Christopher Newgent of Vouched Books sells literary magazines by describing them as "samplers." He argues that they provide a good, economic way to encounter a wide variety of new writers working in many different styles, aesthetics and genres. I really like looking at magazines this way: I generally prefer the sort of deep engagement a larger text allows with a voice, but literary magazines provide exciting opportunities to encounter things you would never otherwise find. (This is why I tend to believe in editorial eclecticism, incidentally, apart from my promiscuous tastes.) Here are a few notes on the short fictions that introduced me to some writers who have truly changed my life.
I first came to know Gabriel Blackwell by reading his story "Play" in The Collagist. This is less a narrative than notes toward a potential narrative, or perhaps a series of rules by which a play might be improvised, or perhaps a series of rules by which a game might be played. This is a hallmark of Gabe's writing and one of my favorite things about it: he trusts the intelligence of his readers to the point where he will publish work that depends on their very real efforts to accomplish anything at all. I remember actually laughing out loud while I read this story -- and this would not be the last time that Gabe made me laugh. Here is an excerpt:
All of the participants wish for their own particular resolution to the situation, resolutions which cannot be reconciled with each other. One of the Jeans will seek to play on this by renouncing his own favored resolution and offering to side with one of the other participants in hopes that, having made a promise of assured collaboration, he might hope for some favor to be thrown his way, a favor out of the scope of the present disagreement but with the salutary effect of rendering its resolution immaterial, for that Jean. This will no doubt enrage his sisters, as it will be against their interests (marriage, and the siring of a legitimate child). Therefore, the favor must place him out of harm’s (in this case, his sisters’) way. This Jean must determine which of the Marks is most capable of sparing him his sisters’ wrath by spiriting him away, or, through financial or diplomatic means, engendering such an escape.
I discovered Blake Butler's work through the Puerto del Sol slush: I was new to the magazine's staff and Evan asked me to have a look at something he was thinking of publishing. I think I was mildly drunk the first time I read it; by the time I'd finished, I felt dried out, almost painfully sober. (It's my experience you can write with liquor in you if you want but it will take a long time, and the same is true of reading.) This was "Choir(s)," which we would publish in issue 44.2. Blake's story served not only as an introduction to his weird, addictive voice, but as a portal to the worlds of "indie" and electronic publishing, spheres in which I had previously held little interest. Simply put, he showed me what I was missing.
I first read Rachel B. Glaser in No Colony 2 (not coincidentally, Blake Butler's and Ken Baumann's journal). I bought the issue at AWP 2010 when I was just beginning to feel some sense of community with these writers, like we shared something. I can't seem to find my copy now (it was near at hand for months, on the little TV tray thing I use as a desk, though I had already read it, as if I might need to consult it again, and sometimes I did, but this lead to its being crushed somewhat beneath some other books, its cover and some pages bent, so now I've put it away for its safety but I'm not sure where). I will admit that there's a lot about the No Colony aesthetic that distances me. Negotiating that distance can be very pleasurable, but it can also be irritating or at times unsatisfying, depending largely on my mood and other intangibles. Rachel B. Glaser's story "My Boyfriend, but Tragic" is a 9/11 story that brought back the feeling of that moment, that childish tragedy. I remember taking MySpace-style pictures of myself with a small green teddy bear named Clover to express my feelings soon thereafter; I was sixteen; teenagers are, I think, terrible people, but Glaser has a unique talent for tapping into what is beautiful and strange about them. I tell everyone who writes about young people to read her before they continue. I read it on a bed in Denver in a hotel room I shared with my wife (we were recently married) and two close friends, one of which I don't see anymore and one of which I won't see very soon. It made me want to cry.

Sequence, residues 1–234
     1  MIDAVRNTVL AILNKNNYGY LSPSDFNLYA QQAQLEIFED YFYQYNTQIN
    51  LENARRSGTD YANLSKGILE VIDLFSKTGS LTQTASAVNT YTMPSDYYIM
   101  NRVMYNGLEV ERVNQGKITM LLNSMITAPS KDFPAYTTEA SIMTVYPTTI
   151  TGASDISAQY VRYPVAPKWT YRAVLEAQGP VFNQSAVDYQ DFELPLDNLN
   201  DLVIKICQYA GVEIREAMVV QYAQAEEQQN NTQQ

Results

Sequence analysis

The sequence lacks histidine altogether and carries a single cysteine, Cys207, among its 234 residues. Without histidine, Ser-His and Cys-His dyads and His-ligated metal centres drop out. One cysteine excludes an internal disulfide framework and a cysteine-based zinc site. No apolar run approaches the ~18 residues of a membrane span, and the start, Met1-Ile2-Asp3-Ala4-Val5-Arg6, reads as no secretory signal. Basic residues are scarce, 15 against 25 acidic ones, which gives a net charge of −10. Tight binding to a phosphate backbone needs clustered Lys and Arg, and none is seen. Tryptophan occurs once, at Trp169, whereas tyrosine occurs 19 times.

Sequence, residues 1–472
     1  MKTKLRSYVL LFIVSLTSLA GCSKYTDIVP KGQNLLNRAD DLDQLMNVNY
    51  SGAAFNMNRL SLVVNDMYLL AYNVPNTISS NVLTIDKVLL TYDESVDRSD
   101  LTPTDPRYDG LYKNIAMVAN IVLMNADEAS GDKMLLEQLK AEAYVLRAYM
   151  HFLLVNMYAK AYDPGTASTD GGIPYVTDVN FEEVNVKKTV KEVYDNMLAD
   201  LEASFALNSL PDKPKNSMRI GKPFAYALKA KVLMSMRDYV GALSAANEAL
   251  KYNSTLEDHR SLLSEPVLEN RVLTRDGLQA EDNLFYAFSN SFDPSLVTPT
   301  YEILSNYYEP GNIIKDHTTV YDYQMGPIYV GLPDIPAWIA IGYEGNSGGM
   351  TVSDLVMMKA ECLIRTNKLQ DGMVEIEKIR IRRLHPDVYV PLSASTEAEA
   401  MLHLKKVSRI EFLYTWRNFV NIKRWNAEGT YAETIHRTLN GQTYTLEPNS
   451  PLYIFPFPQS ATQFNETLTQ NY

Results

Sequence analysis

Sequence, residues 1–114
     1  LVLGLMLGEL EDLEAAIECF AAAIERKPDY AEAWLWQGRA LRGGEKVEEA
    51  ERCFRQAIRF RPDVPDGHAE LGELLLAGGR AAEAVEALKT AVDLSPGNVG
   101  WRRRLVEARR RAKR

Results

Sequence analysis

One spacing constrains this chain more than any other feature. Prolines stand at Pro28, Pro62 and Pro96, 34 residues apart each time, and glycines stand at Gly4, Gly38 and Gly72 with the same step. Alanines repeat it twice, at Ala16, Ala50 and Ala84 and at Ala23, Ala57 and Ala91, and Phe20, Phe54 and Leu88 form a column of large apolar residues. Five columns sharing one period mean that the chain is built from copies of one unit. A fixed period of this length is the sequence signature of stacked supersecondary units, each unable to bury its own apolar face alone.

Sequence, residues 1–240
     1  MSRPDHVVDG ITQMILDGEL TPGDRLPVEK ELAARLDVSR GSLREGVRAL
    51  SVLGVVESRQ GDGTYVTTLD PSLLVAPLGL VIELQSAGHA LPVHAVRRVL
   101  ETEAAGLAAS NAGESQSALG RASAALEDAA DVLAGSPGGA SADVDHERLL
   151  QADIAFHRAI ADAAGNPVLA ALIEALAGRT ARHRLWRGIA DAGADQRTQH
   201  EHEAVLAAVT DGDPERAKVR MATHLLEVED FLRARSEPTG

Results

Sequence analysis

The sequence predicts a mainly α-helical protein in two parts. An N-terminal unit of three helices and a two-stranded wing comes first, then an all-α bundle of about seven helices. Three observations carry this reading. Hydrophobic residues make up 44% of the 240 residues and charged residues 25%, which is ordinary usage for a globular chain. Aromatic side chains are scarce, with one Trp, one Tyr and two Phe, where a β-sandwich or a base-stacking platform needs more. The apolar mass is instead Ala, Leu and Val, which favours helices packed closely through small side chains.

I find a lot of writers through the slush, actually, which is part of why I don't understand the resentment most writer-editors express toward their submitters. Uncanny Valley exists, in large part, to provide me with the chance to read slush when I am done with Puerto del Sol, as I very nearly am -- it exists to provide me, and Tracy, with the chance to meet new writers, new ways of writing and thinking and loving. He's seemed omnipresent ever since, but I first read Matt Bell in the slush -- he submitted several cataclysm babies, I chose the one where a father builds a very tall tower, and climbs it. I read Tim Dicks in the slush first and I thought, "How is it possible I have not heard of this writer before?" We found Roxanne Carter in the slush. I had read Brian Oliu somewhere before, I think, but it was in the course of preparing to solicit him that I learned about his NES project, that I got a sense of the breadth and depth of his talent.
I will think of more later, I'm sure. Who are some writers you first came to know through their short fiction?